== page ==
It will cool down soon and working in the garden will be pleasant once again. There’s really no reason to run around primping the garden, the way we do in spring and early summer. Fall is the perfect time to do a few jobs that will set you ahead next spring. Listen in, or keep reading for the full write-up.
This is the time of year when I look for easy, immediate gratification tasks to do in and around the garden. I figure if I’m hot, just think how my poor plants feel out there all day. They don’t want to be bothered any more than I want to have to fuss with them.
But there are always a few good hours, either in the early morning or later in the evening, when it’s actually nice to spend some time outdoors.
One thing that’s easy enough to do is collecting seed. I’m letting some of the annuals I plant every year go to seed at this point. I want to give them time to fully dry, before the rains of autumn. It’s also easier to know what color I’m collecting if some of the plant is still in bloom. So my cleome, cosmos, and poppy seeds are finding their way into small brown envelopes, which I’ll collect in a canning jar and store away for winter. Come the first sunny days of spring, I’ll toss them where I want them and have a few less areas to plant or prune back.
I can also pull out the bird feeders and give them a scrubbing. I take them down in the spring and replace them with hanging baskets. I need the birds to munch on the insects in my garden, during summer. It keeps the pest population down and provides them with protein. But they need their seed in winter and I can’t put the feeders back up without washing them first. That’s a lot easier to do when my fingers aren’t frozen.
Some years I take cuttings of my foliage plants, like coleus and plectranthus, but I plan to give myself a respite from their care this winter. If you have some you want to save for next season, early September is the best time to get started. The plants are still robust and you have time to take more, if the first cuttings fail – as they so easily can.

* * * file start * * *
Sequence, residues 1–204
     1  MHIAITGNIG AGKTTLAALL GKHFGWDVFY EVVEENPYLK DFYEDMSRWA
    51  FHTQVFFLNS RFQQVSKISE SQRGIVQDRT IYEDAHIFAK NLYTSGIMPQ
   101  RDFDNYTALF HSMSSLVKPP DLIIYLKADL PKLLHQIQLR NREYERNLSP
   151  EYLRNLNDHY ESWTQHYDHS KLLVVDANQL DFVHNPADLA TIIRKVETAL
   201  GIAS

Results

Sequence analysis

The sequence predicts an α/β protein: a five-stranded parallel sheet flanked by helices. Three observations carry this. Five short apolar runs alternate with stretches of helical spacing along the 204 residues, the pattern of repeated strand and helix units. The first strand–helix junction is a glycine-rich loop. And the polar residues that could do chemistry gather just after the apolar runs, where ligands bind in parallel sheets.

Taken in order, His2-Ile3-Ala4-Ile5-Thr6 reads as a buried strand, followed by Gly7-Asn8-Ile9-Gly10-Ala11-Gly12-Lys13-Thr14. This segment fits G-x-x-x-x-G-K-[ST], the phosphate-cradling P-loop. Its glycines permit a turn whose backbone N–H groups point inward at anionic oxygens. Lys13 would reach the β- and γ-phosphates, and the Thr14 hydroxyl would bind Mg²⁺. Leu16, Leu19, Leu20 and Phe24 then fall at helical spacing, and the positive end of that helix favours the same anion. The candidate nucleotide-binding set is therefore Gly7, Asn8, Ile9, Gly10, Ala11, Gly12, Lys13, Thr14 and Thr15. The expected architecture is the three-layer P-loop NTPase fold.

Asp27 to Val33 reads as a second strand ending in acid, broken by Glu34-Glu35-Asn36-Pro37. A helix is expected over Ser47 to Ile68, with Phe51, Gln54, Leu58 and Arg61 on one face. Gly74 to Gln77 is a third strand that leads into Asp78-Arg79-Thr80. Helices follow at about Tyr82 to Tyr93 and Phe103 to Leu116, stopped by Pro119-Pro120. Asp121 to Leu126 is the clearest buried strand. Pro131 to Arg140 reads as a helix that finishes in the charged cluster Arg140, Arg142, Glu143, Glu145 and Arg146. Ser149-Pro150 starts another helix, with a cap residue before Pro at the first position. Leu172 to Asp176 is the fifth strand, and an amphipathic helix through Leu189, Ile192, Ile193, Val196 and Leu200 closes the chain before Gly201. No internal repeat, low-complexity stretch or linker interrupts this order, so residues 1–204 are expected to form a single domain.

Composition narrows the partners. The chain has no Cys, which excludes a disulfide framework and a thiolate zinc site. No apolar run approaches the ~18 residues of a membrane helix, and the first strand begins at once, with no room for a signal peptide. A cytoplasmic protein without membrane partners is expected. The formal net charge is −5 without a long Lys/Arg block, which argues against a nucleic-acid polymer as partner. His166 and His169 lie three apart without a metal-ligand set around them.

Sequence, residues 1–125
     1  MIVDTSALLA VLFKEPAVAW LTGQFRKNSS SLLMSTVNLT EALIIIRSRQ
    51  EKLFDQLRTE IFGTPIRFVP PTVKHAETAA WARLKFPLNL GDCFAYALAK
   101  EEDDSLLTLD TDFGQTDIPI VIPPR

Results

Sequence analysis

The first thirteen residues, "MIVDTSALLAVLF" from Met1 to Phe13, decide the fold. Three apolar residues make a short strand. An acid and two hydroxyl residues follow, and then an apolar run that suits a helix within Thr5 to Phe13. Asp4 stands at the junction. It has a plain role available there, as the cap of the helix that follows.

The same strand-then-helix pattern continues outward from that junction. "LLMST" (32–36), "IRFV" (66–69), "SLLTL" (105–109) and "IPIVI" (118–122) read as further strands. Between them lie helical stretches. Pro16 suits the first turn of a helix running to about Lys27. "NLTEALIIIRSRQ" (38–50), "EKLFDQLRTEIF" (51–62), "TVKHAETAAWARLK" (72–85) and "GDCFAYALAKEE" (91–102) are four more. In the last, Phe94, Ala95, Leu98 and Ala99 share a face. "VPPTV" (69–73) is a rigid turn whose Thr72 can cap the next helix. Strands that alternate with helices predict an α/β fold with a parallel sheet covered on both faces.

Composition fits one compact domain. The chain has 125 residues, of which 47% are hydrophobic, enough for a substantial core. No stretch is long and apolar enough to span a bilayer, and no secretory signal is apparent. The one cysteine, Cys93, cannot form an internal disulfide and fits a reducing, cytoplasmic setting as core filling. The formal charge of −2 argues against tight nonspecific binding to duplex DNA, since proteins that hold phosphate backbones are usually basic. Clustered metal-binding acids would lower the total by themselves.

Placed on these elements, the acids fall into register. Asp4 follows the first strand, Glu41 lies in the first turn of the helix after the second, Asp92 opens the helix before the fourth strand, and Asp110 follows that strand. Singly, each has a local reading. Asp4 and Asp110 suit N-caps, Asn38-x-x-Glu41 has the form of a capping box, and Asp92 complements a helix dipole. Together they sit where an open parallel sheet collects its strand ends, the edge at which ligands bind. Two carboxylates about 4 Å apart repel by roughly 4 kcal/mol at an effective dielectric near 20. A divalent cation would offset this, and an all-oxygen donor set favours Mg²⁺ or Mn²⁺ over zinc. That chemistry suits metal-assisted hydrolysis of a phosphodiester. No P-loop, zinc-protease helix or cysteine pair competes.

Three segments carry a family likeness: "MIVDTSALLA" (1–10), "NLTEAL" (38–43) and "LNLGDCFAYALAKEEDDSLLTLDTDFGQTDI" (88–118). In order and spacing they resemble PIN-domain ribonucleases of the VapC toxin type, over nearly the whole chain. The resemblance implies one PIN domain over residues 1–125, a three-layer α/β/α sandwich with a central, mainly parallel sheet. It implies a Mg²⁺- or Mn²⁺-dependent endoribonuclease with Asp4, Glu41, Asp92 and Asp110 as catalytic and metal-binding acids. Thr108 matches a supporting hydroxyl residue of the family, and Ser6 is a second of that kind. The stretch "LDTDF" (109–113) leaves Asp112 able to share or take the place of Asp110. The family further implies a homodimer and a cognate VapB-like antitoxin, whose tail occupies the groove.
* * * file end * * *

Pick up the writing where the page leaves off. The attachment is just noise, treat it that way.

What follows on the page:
I’m hoping to drag a few less plants indoors this year. Wish me luck. I don’t know about you, but I say that every year and yet, there’s always a full basement and competition for the best spots under the lights. Well, the best spots go to the cats. The plants have got to settle.
One final task on my must do list (since it was leftover from the spring), is to remake the raised beds in my vegetable garden. True, I can’t really do that until I’ve finished harvesting, but I want to have the lumber and corners ready to go. Right now I have 4 large beds, about 6 ft. deep. I can reach to the center, but it’s not as easy as my lazy self would like. Since the old wood is starting to give out, I plant to re-do them 4 ft. wide. Just can’t decide if I want small squares or long, thin beds. If you have advice to pass along, it would be welcome.
One thing I’m certain of is using those easy, plastic raised bed corners. I’ve had mine for almost 20 years and they’ve held up better than the planks. They make moving the beds a cinch, except for shoveling all the soil.
That’s the final piece of this puzzle. I have to see how much usable compost is at the bottom of the bins and how much I need to order. Fall is a terrific time to amend the beds, and since I never have time to do it in the spring, it’s a priority. If you do one thing this fall to improve next year’s garden, adding compost should be it. So get out there and turn your compost pile. Well, wait until it cools off a bit. But put it on your list.
I’m sure cooler weather is just around the corner and when it comes, we’ll start complaining that summer goes too quickly. It’s just par for the course, in this area.